The exhibit Butter provides more than 80 answers to this question in the form of invited, juried, and museum pieces all designed to hold butter or related to butter in some way. The show is a pop-up exhibition curated by the International Museum of Dinnerware Design and on view at the Museum on Main Street, which is owned by the Washtenaw County Historical Society, through a partnership between the museums. Butter is available to visit from April 6 to August 25, 2019, on Saturdays and Sundays from noon to 4 p.m. and weekdays by appointment. Admission is free.
Carney will give a presentation related to the exhibit, called “Butter Extravaganza,” Sunday, May 12, from 3-5 pm at the Traverwood Branch of the Ann Arbor District Library.
Despite butter’s ubiquity as a condiment, ingredient, flavoring, and cooking medium, the way in which it is dished up might not always have much ceremony around it. Plastic tubs of butter from the grocery store can be easily shuttled between the refrigerator and table without needing a dish. Restaurants often supply little wax-wrapped or tiny plastic containers alongside bread. Yet, butter dishes, often lidded, can be part of a set of dishes or standalone pieces.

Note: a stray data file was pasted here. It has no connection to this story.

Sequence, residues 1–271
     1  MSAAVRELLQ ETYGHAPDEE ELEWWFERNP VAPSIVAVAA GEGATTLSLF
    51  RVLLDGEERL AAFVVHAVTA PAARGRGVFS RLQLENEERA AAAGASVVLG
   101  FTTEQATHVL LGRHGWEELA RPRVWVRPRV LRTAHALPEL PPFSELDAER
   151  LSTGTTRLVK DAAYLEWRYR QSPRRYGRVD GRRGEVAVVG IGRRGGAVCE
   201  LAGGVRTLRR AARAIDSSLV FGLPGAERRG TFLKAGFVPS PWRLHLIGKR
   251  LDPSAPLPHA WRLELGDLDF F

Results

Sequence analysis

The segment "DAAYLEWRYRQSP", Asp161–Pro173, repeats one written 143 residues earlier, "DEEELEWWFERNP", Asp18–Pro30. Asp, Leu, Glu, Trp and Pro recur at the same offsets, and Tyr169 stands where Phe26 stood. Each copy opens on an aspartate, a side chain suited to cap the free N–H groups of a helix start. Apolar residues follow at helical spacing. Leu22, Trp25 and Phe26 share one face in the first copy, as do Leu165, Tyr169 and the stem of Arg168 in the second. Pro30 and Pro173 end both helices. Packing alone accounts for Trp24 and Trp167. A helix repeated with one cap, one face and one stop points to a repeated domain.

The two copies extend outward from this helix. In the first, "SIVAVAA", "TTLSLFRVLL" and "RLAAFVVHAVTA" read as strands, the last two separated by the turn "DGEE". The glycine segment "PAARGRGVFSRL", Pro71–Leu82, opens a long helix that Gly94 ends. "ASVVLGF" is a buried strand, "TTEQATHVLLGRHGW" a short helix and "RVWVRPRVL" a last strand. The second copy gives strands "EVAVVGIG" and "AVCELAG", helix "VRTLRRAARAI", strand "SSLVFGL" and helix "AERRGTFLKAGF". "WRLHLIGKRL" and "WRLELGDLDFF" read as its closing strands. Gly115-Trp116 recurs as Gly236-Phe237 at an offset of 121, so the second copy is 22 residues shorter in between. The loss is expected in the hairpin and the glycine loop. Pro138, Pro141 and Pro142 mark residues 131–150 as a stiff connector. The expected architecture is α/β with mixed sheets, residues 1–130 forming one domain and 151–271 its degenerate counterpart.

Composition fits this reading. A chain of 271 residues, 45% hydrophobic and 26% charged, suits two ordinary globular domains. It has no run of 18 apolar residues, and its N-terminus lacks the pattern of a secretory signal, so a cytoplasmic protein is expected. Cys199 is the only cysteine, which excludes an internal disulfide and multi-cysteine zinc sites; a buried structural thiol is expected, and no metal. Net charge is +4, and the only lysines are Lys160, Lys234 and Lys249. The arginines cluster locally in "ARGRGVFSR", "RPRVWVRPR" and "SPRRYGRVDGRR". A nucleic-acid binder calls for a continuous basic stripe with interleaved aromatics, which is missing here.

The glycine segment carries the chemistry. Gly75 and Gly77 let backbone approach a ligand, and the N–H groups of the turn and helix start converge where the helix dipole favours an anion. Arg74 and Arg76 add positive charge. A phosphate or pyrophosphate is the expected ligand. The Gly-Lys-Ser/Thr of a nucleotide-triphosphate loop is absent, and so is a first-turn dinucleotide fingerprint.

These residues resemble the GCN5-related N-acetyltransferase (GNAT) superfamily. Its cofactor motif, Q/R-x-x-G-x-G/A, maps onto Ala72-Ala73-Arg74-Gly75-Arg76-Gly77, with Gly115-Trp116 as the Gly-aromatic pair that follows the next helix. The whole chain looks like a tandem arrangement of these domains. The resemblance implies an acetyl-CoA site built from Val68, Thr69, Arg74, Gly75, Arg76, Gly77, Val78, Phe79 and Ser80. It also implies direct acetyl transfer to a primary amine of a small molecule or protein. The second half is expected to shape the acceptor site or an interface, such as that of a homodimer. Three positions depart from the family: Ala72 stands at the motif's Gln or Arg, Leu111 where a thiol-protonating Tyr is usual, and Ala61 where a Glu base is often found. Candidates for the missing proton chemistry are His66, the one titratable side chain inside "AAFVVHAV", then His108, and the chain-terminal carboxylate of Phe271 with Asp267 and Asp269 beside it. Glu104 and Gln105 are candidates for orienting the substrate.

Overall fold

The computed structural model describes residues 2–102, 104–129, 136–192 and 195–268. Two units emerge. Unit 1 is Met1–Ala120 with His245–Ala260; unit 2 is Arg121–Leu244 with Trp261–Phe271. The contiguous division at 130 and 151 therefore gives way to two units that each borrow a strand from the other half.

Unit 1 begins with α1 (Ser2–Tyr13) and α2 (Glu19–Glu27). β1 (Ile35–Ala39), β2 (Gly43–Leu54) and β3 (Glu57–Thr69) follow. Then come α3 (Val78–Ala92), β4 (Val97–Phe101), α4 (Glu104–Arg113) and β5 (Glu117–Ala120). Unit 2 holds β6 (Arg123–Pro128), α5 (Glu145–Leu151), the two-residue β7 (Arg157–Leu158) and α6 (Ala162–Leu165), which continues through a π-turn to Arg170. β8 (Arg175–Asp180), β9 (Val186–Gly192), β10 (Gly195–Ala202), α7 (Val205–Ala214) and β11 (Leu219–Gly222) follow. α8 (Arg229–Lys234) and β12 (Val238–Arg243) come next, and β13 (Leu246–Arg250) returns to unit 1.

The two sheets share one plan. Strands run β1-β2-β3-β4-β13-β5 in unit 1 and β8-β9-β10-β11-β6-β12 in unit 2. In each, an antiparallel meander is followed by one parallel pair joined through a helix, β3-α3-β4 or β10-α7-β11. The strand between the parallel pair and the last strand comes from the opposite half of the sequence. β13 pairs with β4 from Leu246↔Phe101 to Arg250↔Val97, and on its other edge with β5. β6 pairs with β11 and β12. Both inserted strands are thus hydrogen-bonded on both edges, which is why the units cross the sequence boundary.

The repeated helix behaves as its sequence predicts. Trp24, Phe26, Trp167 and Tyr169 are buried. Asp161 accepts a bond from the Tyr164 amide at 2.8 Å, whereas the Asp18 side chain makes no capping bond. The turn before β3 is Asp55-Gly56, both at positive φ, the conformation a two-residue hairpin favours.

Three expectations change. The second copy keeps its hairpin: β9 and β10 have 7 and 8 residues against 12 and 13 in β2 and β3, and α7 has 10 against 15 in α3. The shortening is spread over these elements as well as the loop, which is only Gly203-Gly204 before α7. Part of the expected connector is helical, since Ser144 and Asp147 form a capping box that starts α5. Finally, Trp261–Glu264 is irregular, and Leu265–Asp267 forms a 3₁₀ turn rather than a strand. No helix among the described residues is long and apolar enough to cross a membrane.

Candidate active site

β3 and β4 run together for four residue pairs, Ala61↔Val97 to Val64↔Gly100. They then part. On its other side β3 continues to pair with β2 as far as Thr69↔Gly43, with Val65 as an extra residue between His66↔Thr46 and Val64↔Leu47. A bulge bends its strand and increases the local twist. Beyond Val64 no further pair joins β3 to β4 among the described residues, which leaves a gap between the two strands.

Walking in a place can be a way to become more intimately connected to it. That is just what author Leslie Carol Roberts does at the Presidio National Park in San Francisco, California, where she lives. She wrote about these walks and places, including the Presidio, in her new nonfiction book, Here Is Where I Walk: Episodes From a Life in the Forest.
“For what is a walk in the forest if not a chance to fully and deeply celebrate the sauntering and reflective mind?” she asks in the introduction.
Through her walks and the months of the year, which structure the book, she reflects on ecology, experiences from her life, and stories and research on places, including California, Iowa, Maryland, and Tasmania. Through these reflections, she contemplates what nature and wild places are and what humans’ relationship with them is.